MERCED — Flinging a basketball as far as possible might not sound like an easy task.
But students from a Merced College physics class rose to the challenge Wednesday using a hand-built trebuchet -- a medieval war machine with a sling.
About 70 students, divided into teams, unveiled their machines and began their quest for a successful basketball launch -- and a passing grade.
"They have to get the ball past 15 meters (49 feet) to get an A," said physics professor Lana Jordan.
For the past 15 years, Jordan has used the competition as an exam for her students. In that time, she's seen a lot of students vying to break the all-time record for the farthest throw: 74.5 meters.
One student broke that record Tuesday, launching his basketball 75 meters with a machine that took 12 hours to build.
Mechanical engineering student Derek Hollenbeck, 24, credited his success to the wheels on his contraption. No one else in Tuesday's competition used wheels.
"I didn't think it would go so far," Hollenbeck said. "We have more weights so we can push it even farther."
Although Hollenbeck broke the record, it didn't stop others from trying.
The six members of Team Omega didn't let a little competition stop them from achieving their goal. After several launches, they hit a record for their machine -- 38.8 meters.
"You can only learn so much from a book or listening to your teacher," said biology major Nicole Alt, 19. "When you're out here applying it, you learn more."
Joseph Newman, 30, from Team Pi agreed. "It makes physics real," he said. "This is something we can touch and feel."
Watching proudly from the sidelines were Newman's grandmother and parents.
"My problem was staying out of the way and letting him build it," said Bill Newman, 62. The five-member team spent four days during spring break building their trebuchet, which made a 33-meter launch Wednesday.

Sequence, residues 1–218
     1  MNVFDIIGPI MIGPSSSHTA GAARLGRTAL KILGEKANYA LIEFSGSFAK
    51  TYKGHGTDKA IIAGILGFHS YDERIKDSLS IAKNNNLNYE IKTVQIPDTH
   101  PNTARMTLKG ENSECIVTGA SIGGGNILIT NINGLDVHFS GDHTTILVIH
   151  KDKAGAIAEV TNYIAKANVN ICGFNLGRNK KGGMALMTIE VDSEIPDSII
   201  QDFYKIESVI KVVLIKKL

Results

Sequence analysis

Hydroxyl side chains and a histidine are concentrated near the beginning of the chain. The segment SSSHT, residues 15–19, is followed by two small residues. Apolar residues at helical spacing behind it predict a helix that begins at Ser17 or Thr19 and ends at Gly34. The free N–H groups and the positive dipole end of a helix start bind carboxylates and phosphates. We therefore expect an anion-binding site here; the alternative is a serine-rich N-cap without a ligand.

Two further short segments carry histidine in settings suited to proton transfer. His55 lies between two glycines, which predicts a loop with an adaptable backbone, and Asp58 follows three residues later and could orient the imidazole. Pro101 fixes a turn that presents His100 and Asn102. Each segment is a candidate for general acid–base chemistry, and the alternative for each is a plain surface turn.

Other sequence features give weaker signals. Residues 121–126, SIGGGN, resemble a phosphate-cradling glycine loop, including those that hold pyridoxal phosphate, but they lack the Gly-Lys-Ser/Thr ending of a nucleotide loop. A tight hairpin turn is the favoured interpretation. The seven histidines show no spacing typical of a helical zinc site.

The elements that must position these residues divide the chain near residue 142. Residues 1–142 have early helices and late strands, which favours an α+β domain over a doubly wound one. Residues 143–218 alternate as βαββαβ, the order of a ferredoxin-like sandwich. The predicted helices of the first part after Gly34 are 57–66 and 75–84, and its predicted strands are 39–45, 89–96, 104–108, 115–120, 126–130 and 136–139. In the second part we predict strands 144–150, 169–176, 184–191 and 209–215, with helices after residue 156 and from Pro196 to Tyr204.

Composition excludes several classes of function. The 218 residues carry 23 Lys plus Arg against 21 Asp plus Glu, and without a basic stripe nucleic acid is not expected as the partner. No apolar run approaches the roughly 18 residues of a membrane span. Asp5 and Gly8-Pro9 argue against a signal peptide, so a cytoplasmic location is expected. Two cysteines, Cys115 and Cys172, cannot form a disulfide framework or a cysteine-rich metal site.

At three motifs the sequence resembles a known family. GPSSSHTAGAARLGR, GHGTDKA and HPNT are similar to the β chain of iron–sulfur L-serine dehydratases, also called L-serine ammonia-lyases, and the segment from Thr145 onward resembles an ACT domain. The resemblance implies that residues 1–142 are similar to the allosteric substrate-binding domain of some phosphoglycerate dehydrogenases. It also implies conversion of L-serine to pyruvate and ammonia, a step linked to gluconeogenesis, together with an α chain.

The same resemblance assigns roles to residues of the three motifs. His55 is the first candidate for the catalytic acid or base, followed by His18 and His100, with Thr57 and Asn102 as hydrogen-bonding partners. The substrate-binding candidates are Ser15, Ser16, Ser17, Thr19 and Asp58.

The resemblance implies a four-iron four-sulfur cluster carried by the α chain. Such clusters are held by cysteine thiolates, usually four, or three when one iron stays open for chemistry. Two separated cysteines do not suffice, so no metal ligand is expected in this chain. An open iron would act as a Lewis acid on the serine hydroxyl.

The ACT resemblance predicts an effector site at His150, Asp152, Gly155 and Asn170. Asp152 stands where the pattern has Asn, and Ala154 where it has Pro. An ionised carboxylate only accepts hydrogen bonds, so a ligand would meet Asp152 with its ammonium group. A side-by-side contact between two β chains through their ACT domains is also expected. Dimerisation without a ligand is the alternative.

A few feet away, another team stood out by wearing Viking helmets made from duct tape. But they didn't need the costumes to earn a passing grade -- their ball reached 27 meters.
"It's a test grade and we already got an A," said Shasta Doser, 20. She admitted her group waited until the last minute to get started, but pulled together as a team.
"It taught me that my teammates can help," Doser said. "They've been awesome."
Mechanical engineering student Michael Silva competed in last year's contest.
Even though the 22-year-old is getting ready to transfer to California State University, Sacramento, in the fall, he came back to help with the competition. "It's a lot of fun, and you really get to work as a team," he said.
Jordan has been teaching for 37 years, but she said nothing replaces the feeling of pride she gets from watching her students.
"You invest a lot in the students, and you want to see them spread their wings," Jordan said. "Just the pride of them coming out here and making something that works. It's a labor of love."
Reporter Ramona Giwargis can be reached at (209) 385-2477 or firstname.lastname@example.org.